How 'Peter' became the online sensation of BBL|10
The unconventional story of how a small community of satirical online cricket pages entered the mainstream and elevated a new BBL player to cult hero status
Those who follow the KFC BBL on social media would have seen the word 'Peter' a lot this summer.
Throughout the tournament, almost every post online about new Renegades spinner Peter Hatzoglou has generated hundreds of comments from users saying simply 'Peter' and nothing more.
Until now, only a handful of people have known exactly why, and how it all began.
It's a tale that is quintessentially Big Bash; born and fostered entirely online by a group of young cricket lovers who view the tournament as part of their summer entertainment, who worship the competition's lesser known players, and make heroes out of them.
It's a story that started long before Hatzoglou arrived on the professional scene, and with the makings of another Big Bash cult hero – former Stars and Hurricanes player, Clive Rose.
The bespectacled and dreadlocked left-armer had always enjoyed a small but dedicated group of fans online, who would joke among themselves that the steady finger spinner was about to take over the cricket world.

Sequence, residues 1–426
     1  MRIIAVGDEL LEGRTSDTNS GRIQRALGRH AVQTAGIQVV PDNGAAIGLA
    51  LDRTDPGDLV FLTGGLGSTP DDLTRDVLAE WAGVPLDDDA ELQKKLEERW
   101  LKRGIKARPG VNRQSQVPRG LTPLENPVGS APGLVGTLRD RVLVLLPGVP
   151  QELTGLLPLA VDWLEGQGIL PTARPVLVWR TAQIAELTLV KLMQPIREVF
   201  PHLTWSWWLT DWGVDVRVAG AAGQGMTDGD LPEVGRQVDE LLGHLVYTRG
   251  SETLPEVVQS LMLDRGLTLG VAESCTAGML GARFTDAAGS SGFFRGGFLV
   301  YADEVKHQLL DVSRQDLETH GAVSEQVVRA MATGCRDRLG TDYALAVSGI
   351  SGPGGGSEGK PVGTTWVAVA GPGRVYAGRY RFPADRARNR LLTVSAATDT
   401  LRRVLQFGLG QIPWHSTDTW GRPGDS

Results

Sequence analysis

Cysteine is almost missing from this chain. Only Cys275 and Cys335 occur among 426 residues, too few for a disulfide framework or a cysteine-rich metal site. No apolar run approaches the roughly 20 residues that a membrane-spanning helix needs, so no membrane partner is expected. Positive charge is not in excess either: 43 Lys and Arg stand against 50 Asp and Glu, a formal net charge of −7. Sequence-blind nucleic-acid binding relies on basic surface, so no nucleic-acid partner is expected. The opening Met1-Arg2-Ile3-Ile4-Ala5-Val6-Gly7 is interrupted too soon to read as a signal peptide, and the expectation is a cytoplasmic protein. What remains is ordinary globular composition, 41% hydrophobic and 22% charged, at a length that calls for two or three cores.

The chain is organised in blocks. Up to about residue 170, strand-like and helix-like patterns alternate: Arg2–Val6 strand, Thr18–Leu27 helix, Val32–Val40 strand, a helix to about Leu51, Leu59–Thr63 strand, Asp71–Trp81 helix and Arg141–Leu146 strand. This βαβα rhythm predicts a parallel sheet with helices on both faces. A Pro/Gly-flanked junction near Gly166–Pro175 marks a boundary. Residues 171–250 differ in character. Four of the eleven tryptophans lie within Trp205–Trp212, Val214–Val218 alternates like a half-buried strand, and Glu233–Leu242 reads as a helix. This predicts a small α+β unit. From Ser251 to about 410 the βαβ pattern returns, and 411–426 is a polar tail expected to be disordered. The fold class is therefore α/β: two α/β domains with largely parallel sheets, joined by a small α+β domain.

In late 2018, an Adelaide teenager named Mitchell Webber started a Clive Rose fan page on Instagram that falsely claimed (as a joke) that the spinner was about to be picked to play Test cricket. It started an explosion of mildly popular satirical pages online dedicated to other Big Bash fan favourites such as hefty allrounder Trent Lawford, swing bowler Dan Worrall and the GOAT, Nathan 'Garry' Lyon.
The teenagers who created these pages had never met but found each other to be kindred spirits who shared an irreverent sense of humour and a love of the game. So they connected in a group chat of 16 like-minded members from all parts of Australia as well as New Zealand and India, and began an online conversation that continues to this day.
As time progressed and the jokes amongst themselves continued, the members eventually met each other in person and became friends in the real world, even flying interstate to attend Big Bash matches together and starting the 'Big Swing No Ding Podcast' as another way to connect and talk about the game.
And as they looked ahead to the 2020-21 BBL season, the surprise signing of Hatzoglou as a replacement player for the Melbourne Renegades caught their eye.
Hatzoglou's rise from Melbourne third-grader to Big Bash professional in just two years has been one of the best stories of the season and it captured the group's attention even before he had made his debut.